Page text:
Can you describe Brenda, Annie, and Elise?
Linda: Well, first and foremost, Elise is a diva. She is wickedly funny, alternating between whimsical and hard-ass. I think the fact that she’s had a fall from grace is a huge surprise to her. Out of all the characters, Elise is the one who would never see the train coming. Some might say her big ego is unhealthy. But I enjoy that about her. There are so many women who are unsure of themselves and not capable of her kind of female swagger. When she enters wearing her giant sunglasses, entourage in tow, I want to celebrate that. At the start of the musical, her career has fallen and she has lost her way due to alcohol. But she is still pretending to be the star she once was. By the end, she discovers that she is even better and stronger than the person she was pretending to be. That’s the great arc of her story.
I think Annie represents every woman – all the insecurities each of us has to fight within herself, many of which have been imposed by society. Annie has accepted a more traditional, subservient role with her husband. She, uh, she has diminished her own gifts, so that her husband can be more than. Annie is the perfect example of a woman giving up the greatest parts of herself so that she can gain approval, be loved and desired. Eventually, she learns that it’s essential to be loved for who you are and not who he wants you to be.
Brenda also represents a large section of the audience. She is the kind of wisecracking woman who, uh, keeps emotionality at bay. She has lived her life with seeming confidence, but underneath there is massive insecurity. Instead of diminishing herself, like Annie, Brenda lords her Ivy League education over her blue collar husband. She does this in order to feel better about her weight and her own attractiveness. Brenda believes it’s always better to strike the first blow. One of the most touching stories in the musical involves how Brenda and Morty attempt to save their relationship. She discovers that a real love story is not just about what has been enjoyed, but also what has had to be forgiven. When love is deep, forgiveness can occur on both sides. It is a very hopeful story and as the book writer, I wanted to have that balance. Falling in love with my own husband (TV and film director, Harry Thomason) has been the greatest gift of my life. So for me, it was essential to show that, in the middle of these women emerging from hapless marriages, a killer romance can also survive and even flourish.
I think a lot of women will go see the play with their girlfriends, just as they did with the movie. What are your thoughts about the ultimate theme of the show and “the power of girlfriends” as sung in Shoulder to Shoulder?
Linda: That particular song is very rousing—the perfect Holland/Dozier/Holland style anthem about female solidarity. It’s emblematic of everything we’ve been talking about. By the way, I do want to point out that First Wives is not just for women. Boyfriends and husbands, gay and straight will also, I think, be wildly entertained.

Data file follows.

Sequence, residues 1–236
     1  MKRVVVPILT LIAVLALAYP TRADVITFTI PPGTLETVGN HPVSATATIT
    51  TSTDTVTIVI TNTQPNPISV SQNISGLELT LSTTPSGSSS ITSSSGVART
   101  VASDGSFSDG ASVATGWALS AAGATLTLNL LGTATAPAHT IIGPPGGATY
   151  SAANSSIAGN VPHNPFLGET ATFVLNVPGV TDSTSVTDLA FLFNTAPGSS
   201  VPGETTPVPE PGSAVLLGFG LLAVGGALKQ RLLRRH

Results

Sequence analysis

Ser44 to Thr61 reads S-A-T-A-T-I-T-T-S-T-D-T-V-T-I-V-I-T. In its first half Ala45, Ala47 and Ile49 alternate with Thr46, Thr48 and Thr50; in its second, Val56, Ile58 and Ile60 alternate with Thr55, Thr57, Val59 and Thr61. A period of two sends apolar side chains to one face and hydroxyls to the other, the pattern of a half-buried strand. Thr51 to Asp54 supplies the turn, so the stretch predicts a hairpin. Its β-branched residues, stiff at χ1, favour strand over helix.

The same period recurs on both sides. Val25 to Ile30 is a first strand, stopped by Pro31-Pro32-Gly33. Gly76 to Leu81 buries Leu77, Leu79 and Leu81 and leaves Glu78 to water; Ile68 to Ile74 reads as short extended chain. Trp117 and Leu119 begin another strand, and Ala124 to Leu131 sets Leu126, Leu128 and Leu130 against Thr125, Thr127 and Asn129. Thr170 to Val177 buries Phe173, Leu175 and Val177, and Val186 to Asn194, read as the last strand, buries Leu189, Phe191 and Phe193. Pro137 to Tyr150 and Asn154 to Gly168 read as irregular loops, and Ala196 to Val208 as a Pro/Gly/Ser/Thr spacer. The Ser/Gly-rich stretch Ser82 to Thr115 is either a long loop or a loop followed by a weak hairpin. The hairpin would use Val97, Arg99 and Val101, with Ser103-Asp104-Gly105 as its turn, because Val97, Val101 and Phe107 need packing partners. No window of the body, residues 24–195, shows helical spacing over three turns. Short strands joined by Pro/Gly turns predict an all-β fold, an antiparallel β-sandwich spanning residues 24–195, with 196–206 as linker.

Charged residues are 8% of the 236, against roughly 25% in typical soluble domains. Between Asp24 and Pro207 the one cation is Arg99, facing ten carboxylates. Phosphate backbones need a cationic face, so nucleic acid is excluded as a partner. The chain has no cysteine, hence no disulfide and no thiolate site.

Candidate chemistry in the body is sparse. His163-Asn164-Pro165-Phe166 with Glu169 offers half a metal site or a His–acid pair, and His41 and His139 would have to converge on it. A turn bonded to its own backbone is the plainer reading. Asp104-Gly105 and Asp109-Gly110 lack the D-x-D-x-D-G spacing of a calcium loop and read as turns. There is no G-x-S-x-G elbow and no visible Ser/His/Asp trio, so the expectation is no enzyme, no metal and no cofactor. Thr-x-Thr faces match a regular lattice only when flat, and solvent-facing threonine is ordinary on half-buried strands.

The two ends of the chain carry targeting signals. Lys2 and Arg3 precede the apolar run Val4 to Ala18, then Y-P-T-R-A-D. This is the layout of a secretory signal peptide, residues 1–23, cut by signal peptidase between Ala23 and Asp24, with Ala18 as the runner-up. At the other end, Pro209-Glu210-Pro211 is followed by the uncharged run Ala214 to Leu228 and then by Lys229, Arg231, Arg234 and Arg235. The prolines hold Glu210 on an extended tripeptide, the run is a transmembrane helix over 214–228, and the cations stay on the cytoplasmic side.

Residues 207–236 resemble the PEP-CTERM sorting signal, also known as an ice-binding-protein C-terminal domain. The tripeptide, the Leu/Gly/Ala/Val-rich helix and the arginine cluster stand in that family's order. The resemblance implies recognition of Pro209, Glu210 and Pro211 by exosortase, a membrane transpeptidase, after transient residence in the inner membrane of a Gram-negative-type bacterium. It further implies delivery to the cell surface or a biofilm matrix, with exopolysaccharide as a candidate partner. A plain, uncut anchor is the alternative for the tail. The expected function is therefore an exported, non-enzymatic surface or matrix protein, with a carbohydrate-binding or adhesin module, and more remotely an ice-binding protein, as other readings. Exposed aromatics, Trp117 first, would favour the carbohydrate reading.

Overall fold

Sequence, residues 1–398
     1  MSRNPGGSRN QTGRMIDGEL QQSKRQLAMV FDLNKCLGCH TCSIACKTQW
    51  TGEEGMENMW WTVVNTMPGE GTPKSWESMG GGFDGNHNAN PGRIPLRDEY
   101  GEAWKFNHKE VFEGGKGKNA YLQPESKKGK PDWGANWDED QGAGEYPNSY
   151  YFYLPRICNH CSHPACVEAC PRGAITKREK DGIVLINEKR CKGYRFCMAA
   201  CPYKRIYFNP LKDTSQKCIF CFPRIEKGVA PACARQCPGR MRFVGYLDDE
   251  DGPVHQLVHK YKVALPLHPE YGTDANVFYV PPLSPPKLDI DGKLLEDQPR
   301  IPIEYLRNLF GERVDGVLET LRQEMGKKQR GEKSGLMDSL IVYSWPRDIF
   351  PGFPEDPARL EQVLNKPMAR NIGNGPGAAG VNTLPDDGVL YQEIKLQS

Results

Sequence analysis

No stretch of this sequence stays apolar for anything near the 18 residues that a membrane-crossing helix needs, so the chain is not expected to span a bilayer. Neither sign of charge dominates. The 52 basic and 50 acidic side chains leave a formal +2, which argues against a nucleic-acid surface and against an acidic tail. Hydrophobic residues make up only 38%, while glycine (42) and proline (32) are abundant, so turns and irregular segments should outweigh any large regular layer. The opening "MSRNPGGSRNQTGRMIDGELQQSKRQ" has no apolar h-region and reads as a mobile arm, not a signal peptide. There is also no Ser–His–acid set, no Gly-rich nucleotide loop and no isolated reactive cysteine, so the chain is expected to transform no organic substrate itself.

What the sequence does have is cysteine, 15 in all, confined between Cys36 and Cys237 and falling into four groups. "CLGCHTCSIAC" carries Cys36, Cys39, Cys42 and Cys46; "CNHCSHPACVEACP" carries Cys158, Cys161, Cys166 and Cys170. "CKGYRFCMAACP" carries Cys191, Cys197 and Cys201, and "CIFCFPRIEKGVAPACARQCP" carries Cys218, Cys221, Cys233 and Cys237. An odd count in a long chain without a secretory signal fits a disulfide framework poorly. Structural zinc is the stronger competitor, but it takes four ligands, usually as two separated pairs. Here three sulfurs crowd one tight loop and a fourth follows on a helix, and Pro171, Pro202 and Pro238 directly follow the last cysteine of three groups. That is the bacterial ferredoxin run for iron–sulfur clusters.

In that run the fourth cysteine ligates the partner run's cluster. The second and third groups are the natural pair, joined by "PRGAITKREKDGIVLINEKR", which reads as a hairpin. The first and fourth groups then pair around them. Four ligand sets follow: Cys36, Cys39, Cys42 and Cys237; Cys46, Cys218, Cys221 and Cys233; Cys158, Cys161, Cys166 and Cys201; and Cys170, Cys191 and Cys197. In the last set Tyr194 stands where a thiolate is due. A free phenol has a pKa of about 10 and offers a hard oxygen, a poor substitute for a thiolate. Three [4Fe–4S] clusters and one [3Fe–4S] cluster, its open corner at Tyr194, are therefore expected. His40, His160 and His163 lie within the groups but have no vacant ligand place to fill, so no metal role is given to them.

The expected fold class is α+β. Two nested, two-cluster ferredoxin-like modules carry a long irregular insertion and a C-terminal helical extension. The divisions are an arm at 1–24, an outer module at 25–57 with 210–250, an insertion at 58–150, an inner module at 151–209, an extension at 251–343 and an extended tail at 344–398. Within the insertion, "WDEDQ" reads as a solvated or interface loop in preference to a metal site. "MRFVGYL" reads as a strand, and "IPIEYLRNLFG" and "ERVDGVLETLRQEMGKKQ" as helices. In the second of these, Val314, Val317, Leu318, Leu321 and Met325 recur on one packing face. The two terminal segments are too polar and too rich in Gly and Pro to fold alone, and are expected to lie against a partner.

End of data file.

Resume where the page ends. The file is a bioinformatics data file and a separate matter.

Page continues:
However, I would say to all the women out there that they need to get a busload of their best girlfriends, coworkers, sisters, mothers, daughters, cousins and come see First Wives. In Chicago. Or on Broadway. Truthfully, I’m the last person to sell anybody anything. My mother had to buy all my Girl Scout cookies. But I will say First Wives is pretty damn funny. And if you come, you’re going to have a blast. The music will lift you, the ballads will break your heart and the anthems will have you on your feet, cheering. What more can I say? Long live girls!
Get YOUR TICKETS here!
Playing at Chicago’s Oriental Theater
Previews: February 17th – March 10th
Premiere date: March 11, 2015
Chicago run: thru March 29th
About Linda Bloodworth Thomason
Linda Bloodworth Thomason, creator of the highly lauded series Designing Women, Evening Shade and Hearts Afire, is among the most prolific writers in American television. She has written over three-hundred-and-fifty scripts and received multiple Emmy and Golden Globe nominations. She is also the director, producer and writer of the 1992 landmark political documentary The Man from Hope, the 1996 Democratic convention film for President Clinton, A Place Called America, the 2000 Democratic Convention film for President Clinton, Legacy, the introductory film for the Clinton Presidential Library, the Senator Hillary Clinton campaign film, Hillary 2000 and the 2008 Hillary Clinton Democratic Convention film. Her debut novel, Liberating Paris, made the New York Times Bestseller list. Bloodworth Thomason has received the prestigious Eleanor Roosevelt Freedom of Speech Award, the Lucy Award from Women in Film, the GLAAD Media Award, the Women’s Legal Defense Fund Annual Award as well as the Silver Satellite Award, the highest honor bestowed by Women in Radio and Television. In 2013, the marriage equality documentary, Bridegroom, which Bloodworth Thomason wrote and directed, won the audience prize at the Tribeca Film Festival. Actress, Lupito Nyongo recently presented Bloodworth Thomason with the GLAAD Award for Best Documentary film and comedian Lily Tomlin presented her with the Lifetime Achievement Award on behalf of GLSEN.